1. I liked the movie, but I wanted to like it more. I felt like the director was trying to “have his cake and eat it too” by the ending though. The way I see it was since there were a high number of possible realities simultaneously existing, the main character walked around trying to find a reality that she personally wanted to belong to. Some of the houses she looked in on had her “friends” in worse situations than her group had, some not so much. The idea being that if the realities collapsed onto each other once the comet passed, she would be stuck in the reality she chose, or, she would just cease to exist. Once she found a house where she looked happy and in love, she decided to attack/drug/kill her other self. Once she did she took her place.

    Then she sees herself trying to get back into the bathroom. Was this the same girl she threw in her car? I’m leading towards yes, but with a high number of possible realities, who can be sure? After she rejoins the group, she passed out. I first thought that the comet had passed and her reality “didn’t make it,” but then I thought, all realities exist at once, so no matter where she is, she exists.

    So she wakes up in this seemingly different reality, but her husband/boyfriend/whatever gets a call from “her.” One can only assume this is her trying to warn her guy not to trust the woman standing in front of him. This is where I feel the director doesn’t have a clear message.

    If it had an ending such as Source Code, which was then you can say Emily now inhabits this somewhat new life and everything that comes with it. Well then how does a phone call come through? Are they trying to say that because she jumped into a different reality, there are multiple variations after the comet has passed? I get that it has some strange effects, but given everything we’ve seen, I think some further explanation should have been given, or, no phone call.

    • Hey Greyson,

      It’s been a while, but I think what happened was much like you surmise. Emily looked for and found the reality she wanted to live in. She tried to do away with the version of herself (Emily #2) who belonged in that reality — but she did a crap job. Emily #2 survived/escaped and phoned the boyfriend to warn him about Emily 1.

      So no phone call from alternate dimensions. Just two Emilys surviving in one dimension.

      • Which is why I think the director doesn’t have a clear ending, so I agree with you that it “doesn’t end.” If it was a time loop, or a time travel based story where multiple characters exist to do different things (Triangle for instance) that would make sense.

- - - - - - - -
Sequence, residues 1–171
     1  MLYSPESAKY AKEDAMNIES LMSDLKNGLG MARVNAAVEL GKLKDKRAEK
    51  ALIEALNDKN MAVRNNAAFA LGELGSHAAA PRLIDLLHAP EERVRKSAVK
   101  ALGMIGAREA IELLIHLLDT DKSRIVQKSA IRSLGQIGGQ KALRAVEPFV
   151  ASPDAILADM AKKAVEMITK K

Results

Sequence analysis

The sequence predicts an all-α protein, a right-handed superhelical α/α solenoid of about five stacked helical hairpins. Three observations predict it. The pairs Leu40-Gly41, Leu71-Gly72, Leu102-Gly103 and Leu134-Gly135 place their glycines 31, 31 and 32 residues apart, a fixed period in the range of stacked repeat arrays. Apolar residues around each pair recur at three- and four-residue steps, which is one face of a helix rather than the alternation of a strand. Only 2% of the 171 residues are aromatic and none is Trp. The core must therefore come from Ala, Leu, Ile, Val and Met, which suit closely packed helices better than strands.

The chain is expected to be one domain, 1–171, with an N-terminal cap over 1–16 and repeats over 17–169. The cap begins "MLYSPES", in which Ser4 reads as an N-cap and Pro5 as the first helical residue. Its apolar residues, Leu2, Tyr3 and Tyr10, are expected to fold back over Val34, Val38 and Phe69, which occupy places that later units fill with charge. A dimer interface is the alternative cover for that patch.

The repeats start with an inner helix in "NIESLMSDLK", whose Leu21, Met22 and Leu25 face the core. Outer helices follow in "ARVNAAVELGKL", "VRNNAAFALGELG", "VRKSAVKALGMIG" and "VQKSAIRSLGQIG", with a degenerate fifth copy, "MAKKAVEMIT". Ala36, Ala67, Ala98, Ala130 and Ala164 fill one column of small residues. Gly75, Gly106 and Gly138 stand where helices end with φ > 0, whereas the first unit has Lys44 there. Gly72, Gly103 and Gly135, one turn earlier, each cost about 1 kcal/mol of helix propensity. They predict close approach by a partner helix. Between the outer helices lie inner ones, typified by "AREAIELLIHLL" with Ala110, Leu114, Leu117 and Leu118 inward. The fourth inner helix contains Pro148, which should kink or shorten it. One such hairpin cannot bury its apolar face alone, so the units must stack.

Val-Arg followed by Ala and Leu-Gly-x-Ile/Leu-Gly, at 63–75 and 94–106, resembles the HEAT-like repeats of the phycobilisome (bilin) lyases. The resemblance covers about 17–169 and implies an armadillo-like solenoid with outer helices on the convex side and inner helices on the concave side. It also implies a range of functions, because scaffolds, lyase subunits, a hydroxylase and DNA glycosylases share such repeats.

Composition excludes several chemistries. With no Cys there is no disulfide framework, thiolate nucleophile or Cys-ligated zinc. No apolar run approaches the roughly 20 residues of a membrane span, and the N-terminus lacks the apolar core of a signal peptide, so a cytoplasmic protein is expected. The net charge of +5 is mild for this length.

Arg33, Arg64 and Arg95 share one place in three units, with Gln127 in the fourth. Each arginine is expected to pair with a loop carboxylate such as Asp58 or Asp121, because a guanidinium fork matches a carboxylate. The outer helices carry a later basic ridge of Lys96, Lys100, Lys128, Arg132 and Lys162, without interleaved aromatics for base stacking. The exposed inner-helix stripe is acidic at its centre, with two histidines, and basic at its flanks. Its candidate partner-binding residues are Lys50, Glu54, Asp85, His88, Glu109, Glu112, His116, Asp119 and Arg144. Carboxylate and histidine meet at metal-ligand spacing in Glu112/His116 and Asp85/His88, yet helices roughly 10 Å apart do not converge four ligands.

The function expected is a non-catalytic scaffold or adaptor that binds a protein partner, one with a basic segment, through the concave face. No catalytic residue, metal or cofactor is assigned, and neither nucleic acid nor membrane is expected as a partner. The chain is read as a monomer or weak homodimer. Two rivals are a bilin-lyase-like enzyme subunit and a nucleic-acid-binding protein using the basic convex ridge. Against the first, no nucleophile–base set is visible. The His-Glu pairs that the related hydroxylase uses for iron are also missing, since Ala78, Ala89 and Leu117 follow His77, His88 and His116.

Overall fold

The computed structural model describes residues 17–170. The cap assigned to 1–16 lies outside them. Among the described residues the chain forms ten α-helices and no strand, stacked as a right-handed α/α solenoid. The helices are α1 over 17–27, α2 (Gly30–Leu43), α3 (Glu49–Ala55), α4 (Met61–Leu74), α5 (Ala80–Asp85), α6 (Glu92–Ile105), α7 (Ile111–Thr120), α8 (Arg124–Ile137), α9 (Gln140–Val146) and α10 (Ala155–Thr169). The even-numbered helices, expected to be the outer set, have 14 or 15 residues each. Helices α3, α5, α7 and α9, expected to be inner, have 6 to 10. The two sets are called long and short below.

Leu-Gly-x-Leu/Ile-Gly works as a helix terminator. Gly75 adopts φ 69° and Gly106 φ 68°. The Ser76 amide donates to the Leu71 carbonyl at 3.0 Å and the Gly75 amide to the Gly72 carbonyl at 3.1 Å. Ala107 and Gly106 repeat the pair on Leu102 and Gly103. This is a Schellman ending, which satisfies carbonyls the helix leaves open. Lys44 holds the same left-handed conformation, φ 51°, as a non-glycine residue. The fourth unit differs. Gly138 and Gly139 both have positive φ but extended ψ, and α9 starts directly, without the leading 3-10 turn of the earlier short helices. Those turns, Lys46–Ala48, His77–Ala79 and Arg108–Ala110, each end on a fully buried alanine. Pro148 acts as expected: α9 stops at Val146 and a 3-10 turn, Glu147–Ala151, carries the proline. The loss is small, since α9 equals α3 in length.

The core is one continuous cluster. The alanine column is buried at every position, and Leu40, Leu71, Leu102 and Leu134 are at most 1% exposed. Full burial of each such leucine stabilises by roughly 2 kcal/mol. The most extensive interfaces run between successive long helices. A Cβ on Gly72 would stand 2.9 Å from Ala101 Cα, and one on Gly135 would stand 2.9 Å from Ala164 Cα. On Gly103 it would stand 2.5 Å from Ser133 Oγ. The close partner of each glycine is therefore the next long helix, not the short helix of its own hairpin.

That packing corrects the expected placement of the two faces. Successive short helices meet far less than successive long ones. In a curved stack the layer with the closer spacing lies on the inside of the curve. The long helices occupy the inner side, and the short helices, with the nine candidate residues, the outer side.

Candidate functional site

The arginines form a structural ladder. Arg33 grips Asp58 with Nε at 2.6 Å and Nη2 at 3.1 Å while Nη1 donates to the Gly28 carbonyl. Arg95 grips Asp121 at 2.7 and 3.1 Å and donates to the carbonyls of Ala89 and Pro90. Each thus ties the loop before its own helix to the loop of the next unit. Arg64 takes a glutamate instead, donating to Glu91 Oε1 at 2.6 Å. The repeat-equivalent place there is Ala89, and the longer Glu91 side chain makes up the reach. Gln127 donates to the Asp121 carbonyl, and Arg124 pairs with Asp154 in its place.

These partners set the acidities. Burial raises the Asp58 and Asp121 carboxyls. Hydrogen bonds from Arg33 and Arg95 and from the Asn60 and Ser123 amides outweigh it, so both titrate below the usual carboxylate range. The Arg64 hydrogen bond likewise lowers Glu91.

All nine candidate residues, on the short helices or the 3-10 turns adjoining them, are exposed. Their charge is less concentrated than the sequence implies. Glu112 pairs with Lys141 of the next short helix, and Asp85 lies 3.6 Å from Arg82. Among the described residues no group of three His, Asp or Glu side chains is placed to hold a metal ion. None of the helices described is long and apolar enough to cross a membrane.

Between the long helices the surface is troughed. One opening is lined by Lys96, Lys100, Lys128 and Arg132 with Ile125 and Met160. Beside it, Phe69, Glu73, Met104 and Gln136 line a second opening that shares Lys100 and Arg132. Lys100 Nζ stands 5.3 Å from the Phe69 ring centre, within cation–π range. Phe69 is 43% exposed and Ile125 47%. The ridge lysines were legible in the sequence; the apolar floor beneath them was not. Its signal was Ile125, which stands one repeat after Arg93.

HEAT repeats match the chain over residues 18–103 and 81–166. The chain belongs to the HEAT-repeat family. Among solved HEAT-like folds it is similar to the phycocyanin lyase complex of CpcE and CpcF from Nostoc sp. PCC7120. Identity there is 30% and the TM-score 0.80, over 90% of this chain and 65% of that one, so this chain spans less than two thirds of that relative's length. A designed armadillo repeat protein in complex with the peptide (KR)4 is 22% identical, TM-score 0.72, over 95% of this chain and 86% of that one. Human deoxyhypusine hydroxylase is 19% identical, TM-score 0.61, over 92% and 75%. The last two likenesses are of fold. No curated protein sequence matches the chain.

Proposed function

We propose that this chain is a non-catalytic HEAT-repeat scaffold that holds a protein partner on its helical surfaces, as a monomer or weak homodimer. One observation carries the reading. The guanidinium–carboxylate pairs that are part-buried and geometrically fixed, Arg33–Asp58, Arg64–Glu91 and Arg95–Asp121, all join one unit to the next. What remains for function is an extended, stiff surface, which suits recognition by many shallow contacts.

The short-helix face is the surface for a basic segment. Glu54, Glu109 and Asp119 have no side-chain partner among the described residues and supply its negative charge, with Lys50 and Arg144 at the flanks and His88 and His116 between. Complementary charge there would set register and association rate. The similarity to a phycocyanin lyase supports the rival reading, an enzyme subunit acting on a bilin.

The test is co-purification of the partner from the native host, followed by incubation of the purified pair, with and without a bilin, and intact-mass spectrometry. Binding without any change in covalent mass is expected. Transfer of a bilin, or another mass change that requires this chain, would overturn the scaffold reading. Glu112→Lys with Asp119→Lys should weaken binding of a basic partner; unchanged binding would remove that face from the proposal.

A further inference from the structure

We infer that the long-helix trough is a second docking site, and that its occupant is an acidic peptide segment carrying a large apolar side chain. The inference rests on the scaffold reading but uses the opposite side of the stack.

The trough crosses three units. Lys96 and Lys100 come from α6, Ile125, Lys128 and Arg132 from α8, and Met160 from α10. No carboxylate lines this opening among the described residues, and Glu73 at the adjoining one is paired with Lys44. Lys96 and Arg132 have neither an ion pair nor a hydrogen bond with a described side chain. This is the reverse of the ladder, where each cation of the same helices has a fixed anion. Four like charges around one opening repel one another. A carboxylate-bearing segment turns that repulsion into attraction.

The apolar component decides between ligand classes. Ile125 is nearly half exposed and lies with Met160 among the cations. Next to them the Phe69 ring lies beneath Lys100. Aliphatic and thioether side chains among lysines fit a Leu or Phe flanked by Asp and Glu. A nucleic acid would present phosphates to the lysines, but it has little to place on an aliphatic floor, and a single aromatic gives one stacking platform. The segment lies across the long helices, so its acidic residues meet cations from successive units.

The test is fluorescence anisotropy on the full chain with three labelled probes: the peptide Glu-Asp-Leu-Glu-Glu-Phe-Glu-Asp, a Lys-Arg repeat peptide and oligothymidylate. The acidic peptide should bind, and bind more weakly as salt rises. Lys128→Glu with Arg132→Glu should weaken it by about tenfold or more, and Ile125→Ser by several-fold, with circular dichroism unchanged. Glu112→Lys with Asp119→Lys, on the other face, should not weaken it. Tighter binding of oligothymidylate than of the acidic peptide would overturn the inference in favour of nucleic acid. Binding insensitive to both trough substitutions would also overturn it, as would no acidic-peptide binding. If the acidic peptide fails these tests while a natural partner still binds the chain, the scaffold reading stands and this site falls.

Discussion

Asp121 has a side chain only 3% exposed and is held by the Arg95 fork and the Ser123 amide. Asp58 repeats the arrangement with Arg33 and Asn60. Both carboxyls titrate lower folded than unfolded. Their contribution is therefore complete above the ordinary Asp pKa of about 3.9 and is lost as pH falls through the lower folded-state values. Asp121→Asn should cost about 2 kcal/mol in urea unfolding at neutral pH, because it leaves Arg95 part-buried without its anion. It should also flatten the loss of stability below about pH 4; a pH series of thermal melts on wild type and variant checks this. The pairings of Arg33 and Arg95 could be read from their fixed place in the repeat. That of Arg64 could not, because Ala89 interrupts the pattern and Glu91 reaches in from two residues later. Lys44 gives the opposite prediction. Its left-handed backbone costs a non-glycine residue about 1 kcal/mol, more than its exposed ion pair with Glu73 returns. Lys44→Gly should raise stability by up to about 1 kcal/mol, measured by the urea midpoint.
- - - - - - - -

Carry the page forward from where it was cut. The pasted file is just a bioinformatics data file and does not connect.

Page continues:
However we are supposed to take the plot/conflict at face value from our characters, meaning they tell us the comet has strange occurrences, and they are the ones who tell us we’re dealing with multiple realities. The reason I say that is because they are the ones who state the realities will collapse in on each other, SO, it’s either one prime reality survives (which may be what Emily was trying for), or every reality survives in their own reality. I know it’s a lot of jumbo so I hope that makes sense.

        Meaning, if the realities collapse, only 1 character should survive, so there should only be 1 Emily. Even if more than 1 character exists in the same house, like the 2 Mikes tied up, only one should survive even if all realities survive. I don’t think a reality can exist with multiples of one or neither of one, but then again, maybe there are rules we don’t know about.

        • hmm… I see what you’re saying, but you’re trying to apply strict logic to something that’s clearly not attempting to be logical, or explainable.

          something i can do, too, which is why i so disliked Looper.

          but if there can be multiple realities due to a passing comet, why can’t there be multiple Emilys in one reality after they collapse again? or, for that matter, multiple unicorns with laser eyes or anything at all?

          i dug Coherence. i think the ending was a bit soft, but not because it doesn’t make sense — none of it makes sense — but because it didn’t feel like Emily would take those steps.

          but what do I know? I’m not any number of Emilys.

    • I agree there should not have been a phone call. At the end when Em wakes up, viewers start to wonder if she dreamt it all. Seeing the broken windshield confirms the events of the night happened. Holding two rings in her hand reveals to the viewers which Em she is and confirms she was successful at entering an alternate life for herself. This is where the film could have ended. The viewer is somewhat satisfied that Em made it but has a vague lingering thought about the other Em’s and what happened to them. A foggy cliffhanger like this doesn’t really lead the audience toward any one resolution. However, with a phone call, the direct communication from another Em, the story comes to an abrupt stop–not at a cliffhanger but a fork in the road. The phone call spurred another conflict, another branch of the plot. Now the unanswered questions are numerous. Is the story trying to say the one in the tub or the one in the trunk called? Or could it even be a fourth?